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Created on Wednesday, 16 January 2013 10:55 Last Updated on Wednesday, 16 January 2013 10:55 Published on Wednesday, 16 January 2013 10:55 Written by Christian Morrow - Courier Staff Writer Hits: 661
R. DANIEL LAVELLE
by Christian Morrow
Since the funding to begin construction on the Centre Heldman Shop ‘n Save was finally secured, Pittsburgh Councilman R. Daniel Lavelle is thankful he doesn’t have to answer questions about the project every day on his way to work.
But with development projects along the rest of the Centre Avenue Corridor proceeding, and development of the 28-acre former Civic Arena site looming, Lavelle’s concentration is on making sure residents of the Hill District enjoy the fruits of this revitalization.
Lavelle, who joined fellow councilman Rev. Ricky Burgess and state Reps. Jake Wheatley, D-Hill, and Ed Gainey, D-East Liberty, for a meeting with the New Pittsburgh Courier two weeks ago, said development resources, for now, have to be disproportionately allocated to Black neighborhoods. And for now, that is being done.
“We have to be intentional in our efforts, especially when Pittsburgh’s Black community is the poorest of any city in the country,” said. Lavelle. “The mayor understands that this renaissance has to reach Manchester, the Hill and Lincoln-Larimer, and not just Downtown.”
As for making sure the residents benefit from all the coming development, Lavelle said ideally there would be a website that posts contracting and employment opportunities for given projects well in advance. Barring that, the community needs to stay in constant contact with developers and owners.
“The community has to be in step. When they need a lawyer for this reason, or an accountant for another, we need to know that’s coming ahead of time,” he said. “I’m seeing what I can do legislatively to make that happen.”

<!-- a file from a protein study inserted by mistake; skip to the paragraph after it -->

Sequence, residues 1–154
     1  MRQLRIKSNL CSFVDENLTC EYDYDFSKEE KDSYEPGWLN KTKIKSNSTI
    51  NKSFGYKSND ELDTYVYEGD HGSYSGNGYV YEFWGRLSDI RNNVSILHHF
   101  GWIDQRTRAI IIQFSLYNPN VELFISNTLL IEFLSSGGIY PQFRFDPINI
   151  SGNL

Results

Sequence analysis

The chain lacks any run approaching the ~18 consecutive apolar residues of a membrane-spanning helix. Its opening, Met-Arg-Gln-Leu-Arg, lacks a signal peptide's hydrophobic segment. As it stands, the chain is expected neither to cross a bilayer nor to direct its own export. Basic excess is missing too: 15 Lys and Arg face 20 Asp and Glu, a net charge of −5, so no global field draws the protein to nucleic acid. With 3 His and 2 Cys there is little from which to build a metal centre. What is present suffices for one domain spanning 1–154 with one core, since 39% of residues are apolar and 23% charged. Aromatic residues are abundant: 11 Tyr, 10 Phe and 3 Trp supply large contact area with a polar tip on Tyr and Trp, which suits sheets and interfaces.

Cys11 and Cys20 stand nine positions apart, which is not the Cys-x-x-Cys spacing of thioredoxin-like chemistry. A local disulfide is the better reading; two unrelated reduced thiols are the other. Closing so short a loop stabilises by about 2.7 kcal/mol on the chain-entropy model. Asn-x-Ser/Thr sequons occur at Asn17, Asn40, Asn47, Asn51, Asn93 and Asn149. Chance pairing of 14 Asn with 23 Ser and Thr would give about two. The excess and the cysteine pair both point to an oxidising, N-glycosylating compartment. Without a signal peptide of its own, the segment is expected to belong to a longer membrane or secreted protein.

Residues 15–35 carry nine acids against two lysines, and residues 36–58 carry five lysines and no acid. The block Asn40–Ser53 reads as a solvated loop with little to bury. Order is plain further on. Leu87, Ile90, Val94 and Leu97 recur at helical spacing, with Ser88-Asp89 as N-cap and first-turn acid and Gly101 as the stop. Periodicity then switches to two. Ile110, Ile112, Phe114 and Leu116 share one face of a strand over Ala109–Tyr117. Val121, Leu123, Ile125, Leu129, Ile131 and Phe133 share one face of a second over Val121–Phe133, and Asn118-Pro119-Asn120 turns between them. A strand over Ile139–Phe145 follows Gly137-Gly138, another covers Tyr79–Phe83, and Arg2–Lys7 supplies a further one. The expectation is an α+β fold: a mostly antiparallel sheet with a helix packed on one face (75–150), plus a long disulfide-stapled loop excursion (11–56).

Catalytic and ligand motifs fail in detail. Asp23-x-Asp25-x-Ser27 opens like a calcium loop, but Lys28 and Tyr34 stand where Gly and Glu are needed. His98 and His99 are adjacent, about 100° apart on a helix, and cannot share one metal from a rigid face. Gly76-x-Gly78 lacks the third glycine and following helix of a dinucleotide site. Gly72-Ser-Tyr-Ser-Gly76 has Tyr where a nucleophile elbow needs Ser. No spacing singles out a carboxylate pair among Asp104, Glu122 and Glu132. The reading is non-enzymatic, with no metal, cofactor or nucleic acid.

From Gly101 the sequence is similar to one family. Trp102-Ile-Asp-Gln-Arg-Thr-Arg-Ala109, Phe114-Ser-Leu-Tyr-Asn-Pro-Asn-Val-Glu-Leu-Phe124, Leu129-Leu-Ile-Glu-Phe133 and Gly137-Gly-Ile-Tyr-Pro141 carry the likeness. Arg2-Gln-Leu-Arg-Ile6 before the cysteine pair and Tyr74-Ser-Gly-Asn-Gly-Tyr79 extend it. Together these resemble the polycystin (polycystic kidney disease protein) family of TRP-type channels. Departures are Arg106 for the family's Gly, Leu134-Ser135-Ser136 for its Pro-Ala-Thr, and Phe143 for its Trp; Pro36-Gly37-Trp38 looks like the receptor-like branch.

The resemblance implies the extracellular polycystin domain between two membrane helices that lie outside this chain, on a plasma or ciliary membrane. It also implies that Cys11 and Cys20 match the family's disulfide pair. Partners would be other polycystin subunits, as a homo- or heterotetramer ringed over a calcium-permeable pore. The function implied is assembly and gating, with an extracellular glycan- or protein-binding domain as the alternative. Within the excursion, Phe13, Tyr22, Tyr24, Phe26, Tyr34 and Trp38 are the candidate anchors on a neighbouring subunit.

Lavelle also said the community and its representatives need to be creative about benefitting from the coming investment, especially in the arena site.
“At some point, the Pittsburgh Penguins are going to go to Wall Street for money. When they do, there should be an opportunity for Mrs. Johnson from the Hill to invest $1,000 so she can see a profit too,” he said. “The banks will profit, the Pens will profit, and I want the community to have the same enrichment opportunity.”
In terms of development itself, Lavelle said he is determined to make sure Community members benefit from job opportunities over the lifetime of any given project.
“My goal is to literally create a new wealth legacy for African-Americans in the Hill and throughout the city,” he said. “And to ensure participation at every stage; from the food cart selling sandwiches, to construction, to professional services, to property management, all the way down the line.”
Legislatively, Lavelle has already made sure new parking revenue at the 28-acre site goes to a Hill development fund. He has also required banks that want city funds to reinvest in the poorest Black neighborhoods, and co-sponsored legislation with Burgess that created a Department of Equal Opportunity and to fund a disparity study.
Lavelle said he is currently working to reestablish the Black Contractors Association through the Urban Redevelopment Authority where he serves as a board member.
He wants to get it back up and running so there is a current database of Black plumbers, electricians, etc. that anyone can use. If anyone should know who and where these guys are, he said, it’s the URA.
“We can’t do this piecemeal, we have to be strategic,” he said. “The investment in people is just as important as the investment in infrastructure, and is critical to long term success.”
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